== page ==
A design firm has produced design concepts intended to make Prouty Plaza on Troy s Public Square a more alluring gathering place.

Rendering gives early look at how Troy’s downtown plaza could change

Among suggested amenities were public restrooms and a stage in concepts that could range in costs from $250,000 to $400,000.

Park Board members provided comments on the designs but were not asked for — and did not provide — a commitment to a specific concept.

The concepts were produced by Grant Fullmer of Visions by Grant for $1,825.

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A possible update for the plaza located on the Public Square’s northwest quadrant was suggested by consultants from MKSK Studios, who studied the downtown/riverfront corridor area, and the Activate Troy Partnership, a group of individuals and organizations looking to improve that area.

MKSK consultants found the city has “a vibrant downtown” and does “an excellent job bringing people downtown,” said Patrick Titterington, city service and safety director.

What they found missing were things to make Prouty Plaza “a place where people can gather” for lunch or during the day, he said. Events such as summer outdoor concerts and the annual Mayor’s Concert in August draw large crowds in the evenings.

Photo: A design firm has produced design concepts intended to make Prouty Plaza on Troy s Public Square a more alluring gathering place.

Both public restrooms and a permanent stage have been discussed for years. A portable “showmobile stage” is used along with a restroom vehicle for current downtown activities.

The three concepts included options such as use of the showmobile or a new earthen permanent stage, a restroom facility to the north and use of the mural on the Mayflower theater building as the backdrop on the plaza’s western side. A third option suggested a different design on the building and a more elaborate restroom building. The concepts also included landscape bricks, walkways, grass areas, and, if desired, benches and picnic tables.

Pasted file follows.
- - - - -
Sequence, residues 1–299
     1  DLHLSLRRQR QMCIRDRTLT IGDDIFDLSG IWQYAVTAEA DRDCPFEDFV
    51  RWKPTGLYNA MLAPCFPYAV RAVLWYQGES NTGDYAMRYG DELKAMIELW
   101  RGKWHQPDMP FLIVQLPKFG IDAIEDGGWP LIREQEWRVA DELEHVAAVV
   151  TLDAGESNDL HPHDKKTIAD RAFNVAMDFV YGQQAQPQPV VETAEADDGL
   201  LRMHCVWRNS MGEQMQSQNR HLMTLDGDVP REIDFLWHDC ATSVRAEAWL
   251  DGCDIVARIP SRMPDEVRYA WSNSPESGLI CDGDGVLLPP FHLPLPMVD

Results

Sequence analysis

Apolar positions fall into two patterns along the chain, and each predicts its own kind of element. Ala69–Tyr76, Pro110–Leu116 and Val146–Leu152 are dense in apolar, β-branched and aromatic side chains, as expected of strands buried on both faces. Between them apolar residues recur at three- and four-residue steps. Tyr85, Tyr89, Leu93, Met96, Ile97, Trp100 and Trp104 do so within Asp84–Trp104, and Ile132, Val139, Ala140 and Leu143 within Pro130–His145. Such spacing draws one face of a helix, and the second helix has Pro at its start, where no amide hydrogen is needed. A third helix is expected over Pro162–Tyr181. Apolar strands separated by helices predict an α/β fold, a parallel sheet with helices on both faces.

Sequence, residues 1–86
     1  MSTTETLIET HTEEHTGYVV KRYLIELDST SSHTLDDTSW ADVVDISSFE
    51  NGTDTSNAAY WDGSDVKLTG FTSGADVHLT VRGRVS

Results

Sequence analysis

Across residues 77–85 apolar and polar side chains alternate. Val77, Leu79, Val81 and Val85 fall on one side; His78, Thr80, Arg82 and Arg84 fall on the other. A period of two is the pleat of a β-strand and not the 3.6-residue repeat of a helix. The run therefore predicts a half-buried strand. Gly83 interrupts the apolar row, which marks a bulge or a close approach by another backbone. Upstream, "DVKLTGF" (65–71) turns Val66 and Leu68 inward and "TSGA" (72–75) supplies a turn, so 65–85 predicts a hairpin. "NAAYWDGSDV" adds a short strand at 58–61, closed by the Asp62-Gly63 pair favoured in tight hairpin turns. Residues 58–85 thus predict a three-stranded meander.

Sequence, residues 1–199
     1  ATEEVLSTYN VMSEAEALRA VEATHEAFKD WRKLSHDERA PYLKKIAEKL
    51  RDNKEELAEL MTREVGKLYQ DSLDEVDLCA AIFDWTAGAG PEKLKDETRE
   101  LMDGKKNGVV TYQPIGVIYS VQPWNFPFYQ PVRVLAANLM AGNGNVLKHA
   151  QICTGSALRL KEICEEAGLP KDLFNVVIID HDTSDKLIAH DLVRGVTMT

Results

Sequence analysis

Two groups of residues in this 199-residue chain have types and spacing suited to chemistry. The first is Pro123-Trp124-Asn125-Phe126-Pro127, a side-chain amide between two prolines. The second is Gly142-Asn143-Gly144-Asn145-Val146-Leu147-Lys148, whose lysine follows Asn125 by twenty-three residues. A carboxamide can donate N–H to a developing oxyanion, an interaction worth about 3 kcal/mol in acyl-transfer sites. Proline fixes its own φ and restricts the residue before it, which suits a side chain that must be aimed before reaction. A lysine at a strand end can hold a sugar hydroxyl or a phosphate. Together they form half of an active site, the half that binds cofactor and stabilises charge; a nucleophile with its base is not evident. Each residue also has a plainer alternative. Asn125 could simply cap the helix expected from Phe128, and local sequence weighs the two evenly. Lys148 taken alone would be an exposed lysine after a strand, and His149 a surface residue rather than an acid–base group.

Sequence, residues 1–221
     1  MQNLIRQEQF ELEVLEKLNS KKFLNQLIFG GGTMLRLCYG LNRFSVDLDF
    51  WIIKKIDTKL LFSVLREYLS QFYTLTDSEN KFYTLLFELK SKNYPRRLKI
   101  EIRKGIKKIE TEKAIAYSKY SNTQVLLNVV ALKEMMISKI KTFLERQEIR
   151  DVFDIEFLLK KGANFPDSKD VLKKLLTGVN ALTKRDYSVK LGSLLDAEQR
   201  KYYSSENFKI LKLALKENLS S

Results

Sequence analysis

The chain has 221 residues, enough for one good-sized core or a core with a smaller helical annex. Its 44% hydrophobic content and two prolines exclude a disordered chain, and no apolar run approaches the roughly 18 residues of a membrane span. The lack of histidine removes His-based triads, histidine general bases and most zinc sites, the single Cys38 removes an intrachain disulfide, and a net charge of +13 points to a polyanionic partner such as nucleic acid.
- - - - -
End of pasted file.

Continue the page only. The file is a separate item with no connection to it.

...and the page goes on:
The “extremely conservative, very first blush numbers” outlined by Titterington were $50,000 to $100,000 for surface area improvements, $100,000 to $150,000 for a permanent stage and $100,000 to $150,000 for restrooms.
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“It would take a lot more time, effort and design work before we went to the next stage,” Titterington said of any project.

The city would look for corporate sponsors for parts of the project along with grants and other funding.

Park Board Chairman Alan Kappers said naming rights would need to be discussed further. “Something small, tasteful” would be his choice for any signs giving credit for support, he said.

“I definitely like the idea of getting some public restrooms,” said board member Susan Westfall.

She said she understood there is a lot of “passion” for the existing mural but suggested something “fresh” possibly should be explored.

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